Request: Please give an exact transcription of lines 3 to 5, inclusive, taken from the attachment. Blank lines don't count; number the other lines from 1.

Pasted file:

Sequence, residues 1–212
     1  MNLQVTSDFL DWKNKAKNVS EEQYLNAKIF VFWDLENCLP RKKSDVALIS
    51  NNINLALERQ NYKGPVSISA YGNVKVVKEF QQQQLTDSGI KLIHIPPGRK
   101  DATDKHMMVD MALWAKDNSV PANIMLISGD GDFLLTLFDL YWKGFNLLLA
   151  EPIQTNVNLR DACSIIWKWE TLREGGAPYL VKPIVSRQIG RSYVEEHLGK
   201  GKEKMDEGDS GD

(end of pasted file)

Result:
    51  NNINLALERQ NYKGPVSISA YGNVKVVKEF QQQQLTDSGI KLIHIPPGRK
   101  DATDKHMMVD MALWAKDNSV PANIMLISGD GDFLLTLFDL YWKGFNLLLA
   151  EPIQTNVNLR DACSIIWKWE TLREGGAPYL VKPIVSRQIG RSYVEEHLGK